Speaking of ‘prized’, how about this recent permit catch by (pictured below) Nate Ferguson? While renting a house in west Gulf Shores with family from north Georgia, Nate hooked what he thought was a very nice pompano because he saw it jump a couple of times during the fight. As the battle persisted, with several blistering runs he realized this was no ordinary pompano. And once landed, he knew it was a “ridiculously special fish.”
A 21 1/2” long (fork length) permit, which would easily weigh 5 to 7 pounds. He knew it would ‘crush’ the current Alabama record of 4 pounds and 12.8 ounces, caught in August 2020.
Nate has long been a “lover of fishing,” but even more so, loves his family by putting them above it all. Even though he realized right away the significance of his catch as a likely state record, he also realized the efforts to have it weighed and certified would take “most special” vacation time away from his beloved wife, four children (ages 8 years to 8 months), and other family members in attendance.
So, being a “fan of conservation,” Nate quickly made the decision to release his fish after a few quick photos. An outstanding act, and selfless act all us fishermen should applaud and appreciate. Nate stated catching this permit was a “culmination of doing things right.”
And he most certainly did!
Intermittent drier and slightly cooler air should continue to infiltrate the lingering summer heat and humidity as we head deeper into October. This is our time of seasonal transition, though summer-like weather is only grudgingly, and temporarily displaced. And we are still in the active part of hurricane season, though we have been spared the worst for a while. No time to let down our guard though, as tropical systems occasionally do spawn in the southwestern Gulf of Mexico this time of year.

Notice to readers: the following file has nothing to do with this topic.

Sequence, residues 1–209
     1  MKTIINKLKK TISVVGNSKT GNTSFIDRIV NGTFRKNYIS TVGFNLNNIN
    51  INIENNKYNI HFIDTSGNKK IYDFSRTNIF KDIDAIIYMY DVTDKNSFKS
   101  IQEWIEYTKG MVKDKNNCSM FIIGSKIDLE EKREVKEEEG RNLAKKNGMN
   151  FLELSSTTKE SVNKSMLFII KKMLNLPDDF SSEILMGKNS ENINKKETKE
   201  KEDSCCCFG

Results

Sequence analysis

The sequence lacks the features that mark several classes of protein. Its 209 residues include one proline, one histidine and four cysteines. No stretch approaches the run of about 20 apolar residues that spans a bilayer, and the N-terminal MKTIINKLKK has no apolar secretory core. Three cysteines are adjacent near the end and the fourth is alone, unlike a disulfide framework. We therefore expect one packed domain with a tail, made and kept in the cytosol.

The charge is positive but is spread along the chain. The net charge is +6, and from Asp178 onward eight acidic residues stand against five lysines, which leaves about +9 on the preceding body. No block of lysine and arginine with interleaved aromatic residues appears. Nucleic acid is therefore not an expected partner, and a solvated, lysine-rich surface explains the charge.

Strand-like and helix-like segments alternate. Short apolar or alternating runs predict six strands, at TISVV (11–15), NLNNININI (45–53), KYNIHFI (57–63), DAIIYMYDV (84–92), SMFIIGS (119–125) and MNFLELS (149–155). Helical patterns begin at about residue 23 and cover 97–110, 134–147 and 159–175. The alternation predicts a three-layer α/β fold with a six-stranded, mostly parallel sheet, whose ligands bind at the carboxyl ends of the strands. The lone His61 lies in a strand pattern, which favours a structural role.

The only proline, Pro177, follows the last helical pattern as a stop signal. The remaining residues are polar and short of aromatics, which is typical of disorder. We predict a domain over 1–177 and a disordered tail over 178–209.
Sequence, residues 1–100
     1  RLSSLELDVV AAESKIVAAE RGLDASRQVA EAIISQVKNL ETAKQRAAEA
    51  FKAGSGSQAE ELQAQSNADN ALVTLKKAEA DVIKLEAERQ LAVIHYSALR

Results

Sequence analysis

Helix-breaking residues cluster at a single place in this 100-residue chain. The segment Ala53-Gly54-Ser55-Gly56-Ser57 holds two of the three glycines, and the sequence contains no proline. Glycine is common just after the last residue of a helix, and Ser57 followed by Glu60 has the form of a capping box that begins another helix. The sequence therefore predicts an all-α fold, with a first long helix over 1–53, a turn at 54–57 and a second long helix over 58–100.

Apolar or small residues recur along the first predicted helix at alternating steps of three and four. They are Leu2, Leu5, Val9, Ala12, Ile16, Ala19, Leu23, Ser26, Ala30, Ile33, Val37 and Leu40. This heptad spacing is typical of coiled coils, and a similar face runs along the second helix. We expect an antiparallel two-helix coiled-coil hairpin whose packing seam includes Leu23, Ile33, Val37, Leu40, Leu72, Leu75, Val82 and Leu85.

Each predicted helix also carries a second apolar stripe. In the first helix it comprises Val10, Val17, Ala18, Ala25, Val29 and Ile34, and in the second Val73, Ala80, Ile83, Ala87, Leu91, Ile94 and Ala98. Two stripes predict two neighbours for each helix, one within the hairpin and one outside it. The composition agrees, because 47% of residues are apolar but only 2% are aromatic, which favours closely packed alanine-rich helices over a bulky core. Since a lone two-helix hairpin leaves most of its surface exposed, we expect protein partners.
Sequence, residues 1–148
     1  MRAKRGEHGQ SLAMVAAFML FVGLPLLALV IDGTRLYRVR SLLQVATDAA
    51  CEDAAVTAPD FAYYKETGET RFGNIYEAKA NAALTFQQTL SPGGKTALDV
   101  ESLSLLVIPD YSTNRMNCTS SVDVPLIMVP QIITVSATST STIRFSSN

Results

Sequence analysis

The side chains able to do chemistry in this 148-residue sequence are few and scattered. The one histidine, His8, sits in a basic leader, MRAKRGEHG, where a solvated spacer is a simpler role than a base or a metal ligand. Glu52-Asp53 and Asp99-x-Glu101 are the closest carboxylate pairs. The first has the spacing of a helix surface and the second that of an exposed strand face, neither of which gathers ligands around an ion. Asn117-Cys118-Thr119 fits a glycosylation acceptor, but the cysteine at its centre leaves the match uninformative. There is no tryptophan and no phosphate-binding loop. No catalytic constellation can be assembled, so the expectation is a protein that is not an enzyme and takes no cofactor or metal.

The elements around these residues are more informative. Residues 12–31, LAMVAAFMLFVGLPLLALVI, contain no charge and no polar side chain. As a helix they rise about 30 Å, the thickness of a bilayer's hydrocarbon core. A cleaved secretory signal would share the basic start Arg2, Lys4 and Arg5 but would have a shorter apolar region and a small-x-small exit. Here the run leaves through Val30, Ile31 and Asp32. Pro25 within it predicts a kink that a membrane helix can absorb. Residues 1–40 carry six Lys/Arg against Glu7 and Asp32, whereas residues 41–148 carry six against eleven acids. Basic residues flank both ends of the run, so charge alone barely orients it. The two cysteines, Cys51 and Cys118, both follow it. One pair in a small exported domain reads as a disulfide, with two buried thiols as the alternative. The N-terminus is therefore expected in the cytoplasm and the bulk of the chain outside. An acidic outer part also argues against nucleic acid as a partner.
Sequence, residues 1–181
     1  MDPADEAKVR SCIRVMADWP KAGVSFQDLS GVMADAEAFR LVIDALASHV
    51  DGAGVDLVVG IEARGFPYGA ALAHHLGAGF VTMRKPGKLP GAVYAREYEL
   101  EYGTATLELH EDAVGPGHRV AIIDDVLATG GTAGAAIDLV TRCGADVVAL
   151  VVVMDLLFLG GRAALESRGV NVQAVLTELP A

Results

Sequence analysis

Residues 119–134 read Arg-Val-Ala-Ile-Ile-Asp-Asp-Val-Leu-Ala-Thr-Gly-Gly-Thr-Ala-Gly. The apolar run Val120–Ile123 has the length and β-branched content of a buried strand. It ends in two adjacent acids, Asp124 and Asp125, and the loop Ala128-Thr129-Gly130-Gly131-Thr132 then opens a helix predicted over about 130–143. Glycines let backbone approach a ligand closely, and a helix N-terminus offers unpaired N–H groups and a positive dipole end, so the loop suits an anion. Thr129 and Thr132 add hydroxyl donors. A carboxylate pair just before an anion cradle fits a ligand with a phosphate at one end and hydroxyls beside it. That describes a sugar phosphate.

The drier weather has allowed the Perdido River to recede, and the tannin-stained waters released on each outgoing tide into the Gulf do seem to be easing. Most fish don’t really care all that much, though mackerel and pompano prefer the clearer, saltier green water we are accustomed to.
The shorebound bite lately has been mostly centered around the abundance and movements of schools of small herring (“LYs”). Most everything that swims from flounder to mackerel relish these three inch long minnows. And they are key to getting in on the most active bites.
A 3/8 inch mesh castnet or LY ribbon is the easiest way to gather enough baits to fish with. And that may be a lot, because they tend to go quickly with all the bluefish, ladyfish, etc. around. Though throwing a one ounce silver or gold spoon is often a great imitation of the ‘real thing’, and plenty of mackerel and bluefish are caught on these lures.